What was/is unusual is the economic climate in which Mareel was built and subsequently opened, and how this adversely affected the construction industry and local authorities. The SIC have been forced to make unpopular but necessary revenue cuts to a range of services which has fueled negativity and questionable comparisons between Mareel’s capital costs and across the board SIC revenue contraction.

    In response to some of the specific points Michael raises:

    It would appear that Mareel could indeed be “self sustaining” in terms of revenue if known indexes are applied, such as twice the projected cinema attendances. Capital build costs are another matter.

    It is not clear what Michael means by “the council has had to step in and take control” – Shetland Arts still own, operate and maintain the building.

    It is not a “fact that Mareel has also been given charity status so they don’t have to pay VAT”. Mareel is a building operated by Shetland Arts Development Agency, a “true” charitable organisation registered in 2006 and there is no blanket exemption for charities from VAT.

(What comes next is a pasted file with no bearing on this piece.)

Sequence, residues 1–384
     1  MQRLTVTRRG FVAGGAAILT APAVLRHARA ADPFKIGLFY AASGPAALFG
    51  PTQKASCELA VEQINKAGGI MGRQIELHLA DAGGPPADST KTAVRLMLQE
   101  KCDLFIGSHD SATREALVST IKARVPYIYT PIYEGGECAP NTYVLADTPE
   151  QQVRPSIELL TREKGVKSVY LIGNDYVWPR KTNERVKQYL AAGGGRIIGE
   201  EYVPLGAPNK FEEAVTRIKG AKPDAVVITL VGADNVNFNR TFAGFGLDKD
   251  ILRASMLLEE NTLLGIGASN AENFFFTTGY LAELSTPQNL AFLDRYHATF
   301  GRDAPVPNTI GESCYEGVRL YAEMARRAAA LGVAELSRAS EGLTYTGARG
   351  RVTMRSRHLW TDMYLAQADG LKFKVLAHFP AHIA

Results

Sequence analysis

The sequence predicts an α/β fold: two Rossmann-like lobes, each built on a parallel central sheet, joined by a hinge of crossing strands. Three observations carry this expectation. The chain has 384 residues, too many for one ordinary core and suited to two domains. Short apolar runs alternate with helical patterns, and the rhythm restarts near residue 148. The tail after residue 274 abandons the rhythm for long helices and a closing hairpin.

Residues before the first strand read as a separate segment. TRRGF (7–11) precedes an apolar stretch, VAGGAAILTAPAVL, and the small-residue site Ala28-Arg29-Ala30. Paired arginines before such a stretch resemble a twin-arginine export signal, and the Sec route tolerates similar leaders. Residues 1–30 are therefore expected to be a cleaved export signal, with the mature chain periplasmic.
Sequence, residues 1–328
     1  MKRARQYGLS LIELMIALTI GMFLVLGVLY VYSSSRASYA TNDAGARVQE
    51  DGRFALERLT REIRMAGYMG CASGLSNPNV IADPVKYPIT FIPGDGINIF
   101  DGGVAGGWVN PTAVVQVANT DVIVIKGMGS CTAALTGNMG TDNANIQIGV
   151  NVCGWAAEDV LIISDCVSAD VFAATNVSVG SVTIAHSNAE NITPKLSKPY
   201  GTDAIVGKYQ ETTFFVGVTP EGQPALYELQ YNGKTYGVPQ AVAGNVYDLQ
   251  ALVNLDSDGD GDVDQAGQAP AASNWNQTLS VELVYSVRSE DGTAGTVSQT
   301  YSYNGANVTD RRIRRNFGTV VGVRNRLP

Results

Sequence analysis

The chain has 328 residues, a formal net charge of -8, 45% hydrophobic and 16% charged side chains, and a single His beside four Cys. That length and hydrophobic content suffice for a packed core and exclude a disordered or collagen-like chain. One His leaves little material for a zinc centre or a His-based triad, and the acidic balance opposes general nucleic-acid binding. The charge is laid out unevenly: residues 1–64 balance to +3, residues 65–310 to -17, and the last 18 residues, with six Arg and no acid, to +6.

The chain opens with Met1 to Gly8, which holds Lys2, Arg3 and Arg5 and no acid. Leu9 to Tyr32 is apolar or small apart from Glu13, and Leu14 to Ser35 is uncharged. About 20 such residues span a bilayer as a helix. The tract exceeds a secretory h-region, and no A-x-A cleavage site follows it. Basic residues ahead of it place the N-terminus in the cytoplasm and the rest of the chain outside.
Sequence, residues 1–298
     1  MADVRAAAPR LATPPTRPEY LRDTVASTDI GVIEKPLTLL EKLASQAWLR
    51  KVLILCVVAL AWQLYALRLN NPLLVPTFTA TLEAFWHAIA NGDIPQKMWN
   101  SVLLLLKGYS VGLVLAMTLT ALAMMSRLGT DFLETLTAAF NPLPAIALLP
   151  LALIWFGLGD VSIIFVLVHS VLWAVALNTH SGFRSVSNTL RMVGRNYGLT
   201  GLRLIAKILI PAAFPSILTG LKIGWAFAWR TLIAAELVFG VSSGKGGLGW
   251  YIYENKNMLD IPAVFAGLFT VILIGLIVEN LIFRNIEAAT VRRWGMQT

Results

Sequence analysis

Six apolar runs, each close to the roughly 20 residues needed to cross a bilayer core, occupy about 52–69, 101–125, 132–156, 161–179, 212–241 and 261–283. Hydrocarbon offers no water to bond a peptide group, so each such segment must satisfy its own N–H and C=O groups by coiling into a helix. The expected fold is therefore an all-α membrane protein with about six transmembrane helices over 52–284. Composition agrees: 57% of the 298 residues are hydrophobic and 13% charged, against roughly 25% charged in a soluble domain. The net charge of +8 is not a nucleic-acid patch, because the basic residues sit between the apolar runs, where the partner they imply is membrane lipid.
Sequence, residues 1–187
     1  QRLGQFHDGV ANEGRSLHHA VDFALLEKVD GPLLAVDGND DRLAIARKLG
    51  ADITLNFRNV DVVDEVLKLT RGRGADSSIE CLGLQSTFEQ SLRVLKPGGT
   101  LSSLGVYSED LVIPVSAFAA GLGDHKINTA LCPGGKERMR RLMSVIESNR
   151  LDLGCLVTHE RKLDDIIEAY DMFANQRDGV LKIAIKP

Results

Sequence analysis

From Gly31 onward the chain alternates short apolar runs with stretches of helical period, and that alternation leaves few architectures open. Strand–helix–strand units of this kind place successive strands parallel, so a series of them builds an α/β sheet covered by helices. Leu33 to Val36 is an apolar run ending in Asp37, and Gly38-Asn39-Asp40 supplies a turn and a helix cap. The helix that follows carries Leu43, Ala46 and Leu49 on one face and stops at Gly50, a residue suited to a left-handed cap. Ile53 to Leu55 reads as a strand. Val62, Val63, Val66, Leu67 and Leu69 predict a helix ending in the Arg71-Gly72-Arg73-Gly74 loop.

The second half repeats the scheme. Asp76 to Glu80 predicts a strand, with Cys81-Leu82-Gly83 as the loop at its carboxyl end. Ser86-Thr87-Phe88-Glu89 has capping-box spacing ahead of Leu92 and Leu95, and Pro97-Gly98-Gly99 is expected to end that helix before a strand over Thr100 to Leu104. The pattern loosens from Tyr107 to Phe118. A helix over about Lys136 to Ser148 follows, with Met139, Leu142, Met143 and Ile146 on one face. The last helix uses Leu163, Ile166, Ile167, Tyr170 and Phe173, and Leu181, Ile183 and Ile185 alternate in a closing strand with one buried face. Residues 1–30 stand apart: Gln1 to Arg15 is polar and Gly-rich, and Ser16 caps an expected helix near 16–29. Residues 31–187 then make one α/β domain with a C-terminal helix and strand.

Michael mentions “Viewforth, the pensioners’ club at the Freefield Centre, schools, SYIS and parts of COPE”. Whilst this may provide some economic and social context, the examples are all of revenue cutbacks, and not all are/were funded by the council. To my knowledge, Mareel receives no revenue funding from the council, or the Charitable Trust for that matter.